2. When plaintiff's cases are weak, the principle expessed in the seminal article "How to Gamble If You Must" applies. It turns out to be a statistical fact that if the odds are not in your favor, that you are more likely to get a good result if you make one high stakes bet than you are if you make lots of low stakes bets where the law of averages catches up with you. When the odds are in your favor, in contrast, you are better off making lots of low stakes bets.
If a court has a 20% chance of ruling for the plaintiffs in a matter where there a 1,000 plaintiffs, they have a 20% chance of getting everything they've asked for (and are unlikely to be held responsible for costs or fees if they lose), but if they try one at a time, 800 of them +/- about 30, will lose, and the poor success rates in the early cases will discourage others from even trying and wasted attorneys fees and cost awards against the losers may turn those cases into actual losers to a significant degree.
Posted by: ohwilleke | Nov 15, 2010 3:17:14 PM
Can you say more about why a mismatch in scale suffices to make this a "property" story? I usually associate the scale-mismatch story with Henry Smith's semicommons work, in which the problem is that there are two actual uses that are efficient at different scales. Here, there's really only a single use for the rights parties bring to the litigation: to litigate. It happens that this is more efficient at larger scales (both to avoid duplication and to control sequencing), but this just means that some parties are better positioned to take advantage of the situation than others. The language of collective action does just as well as the language of commons or anticommons, no?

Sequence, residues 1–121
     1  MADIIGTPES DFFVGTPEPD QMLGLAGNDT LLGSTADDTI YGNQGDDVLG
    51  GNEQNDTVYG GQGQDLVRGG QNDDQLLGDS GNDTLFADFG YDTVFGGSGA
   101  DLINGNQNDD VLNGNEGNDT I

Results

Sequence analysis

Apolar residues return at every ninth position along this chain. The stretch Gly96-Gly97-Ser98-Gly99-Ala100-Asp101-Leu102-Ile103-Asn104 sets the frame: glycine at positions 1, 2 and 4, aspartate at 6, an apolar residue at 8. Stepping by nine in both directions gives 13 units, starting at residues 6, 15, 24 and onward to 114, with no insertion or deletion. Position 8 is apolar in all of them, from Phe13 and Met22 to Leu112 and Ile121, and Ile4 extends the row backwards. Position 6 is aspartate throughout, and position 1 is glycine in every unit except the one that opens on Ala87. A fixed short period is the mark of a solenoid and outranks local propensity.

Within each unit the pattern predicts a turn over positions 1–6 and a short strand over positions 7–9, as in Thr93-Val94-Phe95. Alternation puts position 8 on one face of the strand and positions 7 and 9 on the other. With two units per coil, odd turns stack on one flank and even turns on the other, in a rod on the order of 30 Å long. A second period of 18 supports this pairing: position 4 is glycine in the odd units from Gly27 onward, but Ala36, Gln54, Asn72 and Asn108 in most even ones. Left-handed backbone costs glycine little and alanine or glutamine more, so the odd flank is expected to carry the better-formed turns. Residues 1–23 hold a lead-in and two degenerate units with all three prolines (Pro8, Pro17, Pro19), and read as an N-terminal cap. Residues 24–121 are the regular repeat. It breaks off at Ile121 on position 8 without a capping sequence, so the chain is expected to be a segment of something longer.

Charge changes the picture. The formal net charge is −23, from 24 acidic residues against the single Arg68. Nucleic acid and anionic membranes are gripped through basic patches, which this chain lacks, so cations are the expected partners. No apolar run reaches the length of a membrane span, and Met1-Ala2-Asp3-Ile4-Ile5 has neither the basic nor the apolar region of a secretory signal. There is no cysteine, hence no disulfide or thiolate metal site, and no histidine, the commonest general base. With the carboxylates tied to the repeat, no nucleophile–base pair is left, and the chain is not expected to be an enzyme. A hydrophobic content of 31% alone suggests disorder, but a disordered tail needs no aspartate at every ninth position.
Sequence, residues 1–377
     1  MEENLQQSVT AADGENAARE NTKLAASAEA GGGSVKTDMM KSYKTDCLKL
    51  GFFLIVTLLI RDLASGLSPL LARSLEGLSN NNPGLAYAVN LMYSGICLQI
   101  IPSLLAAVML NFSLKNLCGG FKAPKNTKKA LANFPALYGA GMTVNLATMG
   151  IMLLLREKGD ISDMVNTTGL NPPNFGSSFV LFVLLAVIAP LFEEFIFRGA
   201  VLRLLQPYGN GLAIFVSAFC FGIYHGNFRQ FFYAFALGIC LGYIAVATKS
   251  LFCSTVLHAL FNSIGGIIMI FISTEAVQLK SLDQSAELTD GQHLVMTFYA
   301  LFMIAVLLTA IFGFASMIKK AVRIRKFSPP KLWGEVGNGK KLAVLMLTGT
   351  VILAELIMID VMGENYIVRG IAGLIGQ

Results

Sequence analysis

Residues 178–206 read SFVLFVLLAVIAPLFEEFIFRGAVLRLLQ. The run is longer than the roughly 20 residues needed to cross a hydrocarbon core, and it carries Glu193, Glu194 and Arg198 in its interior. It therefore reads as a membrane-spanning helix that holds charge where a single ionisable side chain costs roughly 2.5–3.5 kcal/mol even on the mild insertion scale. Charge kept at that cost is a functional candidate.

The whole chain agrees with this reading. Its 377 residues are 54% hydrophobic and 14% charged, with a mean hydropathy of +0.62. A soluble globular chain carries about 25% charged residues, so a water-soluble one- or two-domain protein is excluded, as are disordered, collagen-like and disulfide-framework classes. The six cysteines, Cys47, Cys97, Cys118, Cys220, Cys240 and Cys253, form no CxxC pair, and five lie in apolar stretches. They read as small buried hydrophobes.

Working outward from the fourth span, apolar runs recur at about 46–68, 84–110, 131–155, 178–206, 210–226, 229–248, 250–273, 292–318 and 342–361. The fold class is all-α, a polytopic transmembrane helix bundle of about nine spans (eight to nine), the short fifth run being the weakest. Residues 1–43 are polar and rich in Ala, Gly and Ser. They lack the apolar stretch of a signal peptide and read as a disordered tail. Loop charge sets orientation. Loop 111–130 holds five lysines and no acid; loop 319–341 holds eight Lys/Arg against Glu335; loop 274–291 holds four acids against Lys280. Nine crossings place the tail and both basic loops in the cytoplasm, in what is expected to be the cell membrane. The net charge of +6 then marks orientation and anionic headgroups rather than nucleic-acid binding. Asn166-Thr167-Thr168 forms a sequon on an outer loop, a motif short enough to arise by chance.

Posted by: James Grimmelmann | Nov 15, 2010 10:05:23 PM
Agreed that this can be understood as a collective action problem, but I like the commons literature because, like in Smith's piece, the concern is with scale. The use I am focusing on is not simply "litigate" but investing in common issues. That is better done collectively, but only the defendant can do it right off the bat given its monopoly ownership as to the liability associated with any common issues. The plaintiffs, on the other hand, are too dispersed to match the scale of the defendant, at least in the absence of a class action. To better fit the Smith situation, you could posit two uses, investing in common issues versus a "day in court," that are better done at different scales (collectively, individually). The real problem is how to accommodate the "day in court" use, which implicates procedural due process law, and which I will discuss in my subsequent posts.
Posted by: Sergio Campos | Nov 15, 2010 11:00:49 PM